A House of Lords report on self driving vehicles (“Connected and autonomous vehicles: the future”) led the BBC Radio 5 morning news bulletin today (Mar 15, 2017).
The advance of this CAV technology over the past five or six years has been phenomenal, and it’s hard to see what could prevent it from dominating the transport around us well before the middle of this century.
Autonomous driving technology is maturing very quickly, with so many companies developing different ways to make cars smart, through deep learning, and reinforcement learning, as well as conventional programming.
In reinforcement learning the vehicle’s IT system actually teaches itself. The software behind the cars’ behaviour isn’t programmed to deal with specific hazards and challenges. Instead it learns, for example, how to merge, slickly and safely, through virtual practice.
On the way to embracing this change there will be roadblocks, safety concerns, regulatory setbacks and checks from the deep-seated cultural antipathy among not just the petrol heads, but the many people who derive genuine satisfaction from conducting a car from one point to another, and just like to be control.
However the potential benefits are so enormous, in reduction of road accidents and casualties, the enormous insurance savings, and increased mobility for people who never learnt to drive, or are too old or infirm or cautious to drive, that the advance of autonomous vehicles will be irresistible.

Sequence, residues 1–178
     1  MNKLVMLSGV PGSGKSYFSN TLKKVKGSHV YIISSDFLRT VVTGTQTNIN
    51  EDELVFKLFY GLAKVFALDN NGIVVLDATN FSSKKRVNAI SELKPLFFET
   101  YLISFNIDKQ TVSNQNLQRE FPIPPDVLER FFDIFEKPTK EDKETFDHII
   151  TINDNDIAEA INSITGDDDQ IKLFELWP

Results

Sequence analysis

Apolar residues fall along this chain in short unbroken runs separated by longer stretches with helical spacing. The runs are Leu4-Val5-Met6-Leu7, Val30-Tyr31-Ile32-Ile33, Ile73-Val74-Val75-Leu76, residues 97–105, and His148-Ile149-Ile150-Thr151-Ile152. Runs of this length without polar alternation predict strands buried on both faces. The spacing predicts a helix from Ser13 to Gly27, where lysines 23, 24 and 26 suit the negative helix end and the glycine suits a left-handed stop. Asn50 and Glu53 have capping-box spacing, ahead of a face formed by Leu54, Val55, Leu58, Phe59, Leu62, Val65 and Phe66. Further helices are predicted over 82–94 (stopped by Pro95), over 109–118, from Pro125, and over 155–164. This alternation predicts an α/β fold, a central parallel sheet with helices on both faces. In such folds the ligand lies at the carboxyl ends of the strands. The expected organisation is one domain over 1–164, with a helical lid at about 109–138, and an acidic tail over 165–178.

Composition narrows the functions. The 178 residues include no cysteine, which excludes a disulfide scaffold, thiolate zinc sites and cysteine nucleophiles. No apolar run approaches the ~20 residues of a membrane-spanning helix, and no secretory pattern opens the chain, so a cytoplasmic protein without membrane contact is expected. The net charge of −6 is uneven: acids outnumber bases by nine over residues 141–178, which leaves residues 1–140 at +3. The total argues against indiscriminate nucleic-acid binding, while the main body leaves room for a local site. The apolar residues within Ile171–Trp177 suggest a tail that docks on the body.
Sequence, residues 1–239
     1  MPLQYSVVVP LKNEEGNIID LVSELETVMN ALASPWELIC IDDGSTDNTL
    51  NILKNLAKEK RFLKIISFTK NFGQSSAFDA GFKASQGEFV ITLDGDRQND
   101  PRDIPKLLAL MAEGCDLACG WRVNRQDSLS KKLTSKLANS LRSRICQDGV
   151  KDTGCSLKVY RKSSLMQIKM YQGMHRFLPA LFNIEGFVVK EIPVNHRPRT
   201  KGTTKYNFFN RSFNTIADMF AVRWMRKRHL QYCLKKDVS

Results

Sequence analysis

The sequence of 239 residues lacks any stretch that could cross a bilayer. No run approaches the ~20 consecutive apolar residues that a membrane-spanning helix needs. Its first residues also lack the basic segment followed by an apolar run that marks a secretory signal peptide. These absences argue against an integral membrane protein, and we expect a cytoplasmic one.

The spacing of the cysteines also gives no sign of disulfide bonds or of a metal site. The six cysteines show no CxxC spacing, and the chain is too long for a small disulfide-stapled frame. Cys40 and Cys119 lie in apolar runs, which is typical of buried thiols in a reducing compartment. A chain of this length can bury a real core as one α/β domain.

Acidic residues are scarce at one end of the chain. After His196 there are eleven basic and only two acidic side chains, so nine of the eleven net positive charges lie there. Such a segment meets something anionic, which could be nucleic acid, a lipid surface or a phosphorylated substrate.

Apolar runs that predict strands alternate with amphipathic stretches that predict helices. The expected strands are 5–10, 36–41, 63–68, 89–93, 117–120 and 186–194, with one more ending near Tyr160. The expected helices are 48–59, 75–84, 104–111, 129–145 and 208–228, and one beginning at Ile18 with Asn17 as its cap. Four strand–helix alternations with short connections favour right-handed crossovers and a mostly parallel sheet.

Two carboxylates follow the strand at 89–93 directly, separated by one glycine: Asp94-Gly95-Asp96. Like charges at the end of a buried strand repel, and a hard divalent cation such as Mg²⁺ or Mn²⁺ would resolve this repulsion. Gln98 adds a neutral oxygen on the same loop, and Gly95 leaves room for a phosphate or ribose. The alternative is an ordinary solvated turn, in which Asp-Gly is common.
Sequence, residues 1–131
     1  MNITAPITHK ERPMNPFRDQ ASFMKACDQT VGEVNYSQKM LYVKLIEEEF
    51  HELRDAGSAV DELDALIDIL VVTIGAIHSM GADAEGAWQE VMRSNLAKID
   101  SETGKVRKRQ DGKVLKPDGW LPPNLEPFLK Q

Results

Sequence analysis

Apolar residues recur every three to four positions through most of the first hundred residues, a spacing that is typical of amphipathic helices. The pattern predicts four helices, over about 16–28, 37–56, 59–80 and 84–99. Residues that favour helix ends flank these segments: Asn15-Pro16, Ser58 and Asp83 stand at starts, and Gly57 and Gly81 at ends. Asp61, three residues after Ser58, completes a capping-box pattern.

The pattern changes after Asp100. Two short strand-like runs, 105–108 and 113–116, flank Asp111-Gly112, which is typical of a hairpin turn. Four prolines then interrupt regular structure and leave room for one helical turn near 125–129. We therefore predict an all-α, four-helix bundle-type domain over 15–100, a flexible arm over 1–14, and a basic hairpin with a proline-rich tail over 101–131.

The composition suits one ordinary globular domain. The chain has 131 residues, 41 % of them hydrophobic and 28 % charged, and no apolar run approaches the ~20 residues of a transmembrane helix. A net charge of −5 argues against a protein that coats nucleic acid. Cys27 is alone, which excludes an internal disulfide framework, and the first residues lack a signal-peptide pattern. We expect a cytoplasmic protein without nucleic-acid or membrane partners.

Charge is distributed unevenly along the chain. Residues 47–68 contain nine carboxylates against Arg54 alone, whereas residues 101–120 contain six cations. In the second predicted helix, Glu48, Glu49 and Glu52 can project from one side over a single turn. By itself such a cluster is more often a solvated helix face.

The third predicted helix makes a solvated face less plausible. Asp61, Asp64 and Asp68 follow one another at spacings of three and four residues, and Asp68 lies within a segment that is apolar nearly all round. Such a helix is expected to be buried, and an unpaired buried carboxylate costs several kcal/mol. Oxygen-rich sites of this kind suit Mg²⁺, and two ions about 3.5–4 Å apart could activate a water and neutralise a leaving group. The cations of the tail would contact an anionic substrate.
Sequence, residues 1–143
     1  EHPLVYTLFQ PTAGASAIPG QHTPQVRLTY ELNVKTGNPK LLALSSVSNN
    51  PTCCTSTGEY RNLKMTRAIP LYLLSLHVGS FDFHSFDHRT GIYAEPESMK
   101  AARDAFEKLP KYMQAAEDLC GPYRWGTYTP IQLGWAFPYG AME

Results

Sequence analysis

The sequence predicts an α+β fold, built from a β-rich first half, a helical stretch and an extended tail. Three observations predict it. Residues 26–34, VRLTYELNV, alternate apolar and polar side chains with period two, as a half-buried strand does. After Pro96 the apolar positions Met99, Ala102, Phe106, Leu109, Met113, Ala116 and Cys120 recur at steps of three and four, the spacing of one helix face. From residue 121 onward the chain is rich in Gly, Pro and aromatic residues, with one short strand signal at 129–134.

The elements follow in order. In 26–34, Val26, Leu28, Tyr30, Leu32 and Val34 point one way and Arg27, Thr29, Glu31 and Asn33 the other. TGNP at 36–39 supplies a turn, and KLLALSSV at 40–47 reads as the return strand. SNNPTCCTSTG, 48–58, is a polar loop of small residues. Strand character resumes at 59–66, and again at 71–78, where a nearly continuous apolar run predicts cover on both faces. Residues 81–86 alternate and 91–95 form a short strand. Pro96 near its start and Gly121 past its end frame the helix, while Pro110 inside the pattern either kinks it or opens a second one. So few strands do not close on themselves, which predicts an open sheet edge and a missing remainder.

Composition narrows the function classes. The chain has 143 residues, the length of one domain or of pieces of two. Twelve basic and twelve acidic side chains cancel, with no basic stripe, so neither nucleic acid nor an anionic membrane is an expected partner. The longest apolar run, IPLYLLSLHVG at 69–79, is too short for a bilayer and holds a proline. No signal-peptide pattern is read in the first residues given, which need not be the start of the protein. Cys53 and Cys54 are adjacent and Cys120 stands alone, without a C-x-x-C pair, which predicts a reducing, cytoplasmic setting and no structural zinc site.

The really big developments are likely to come in the 2020s.
Until then most of us will experience self driving vehicles in little, restricted trials in cities involving autonomous buses like the one I tried out in the French city of La Rochelle in 2015. There were further trials in San Sebastian (Spain), Lausanne (Switzerland), and Trikala (Greece). The programme ended in 2016. The organisers, the EU-supported CityMobil2 says it was successful and you can read about it here.
This is my account of my first journey in a road vehicle without a driver, when the bus was on trial in La Rochelle in 2015.
I am on a little bus with no apparent front or back, trundling around the harbour area of La Rochelle in western France.
Few people take notice. The big point of interest here is a full-size working replica of the Hermione, moored at the quay. This is the 18th-century ship that took the French General Lafayette to America to help defeat the British in the War of Independence.
Those who do will be intrigued to see that our little bus, the Cybercar, has no driver. Yet it is negotiating the twists and turns of the road around the dockside and past the University with no difficulty. It isn’t going very fast, about 7 to 10 km/h, but it will unerringly do what it has to do if, for example, a boy chases out after a football, within 2 m of the bus. It will stop dead.
On this rainy morning the only person aboard with me is an attendant who was there for safety purposes. It’s clear we could have done the trip without him. Guided by sensors, and what the on-board computer already knows about the route, the battery-operated bus obeys a green light to cross at a junction, fits through a narrow gap between two bollards, and it comes to a precise halt at bus stops.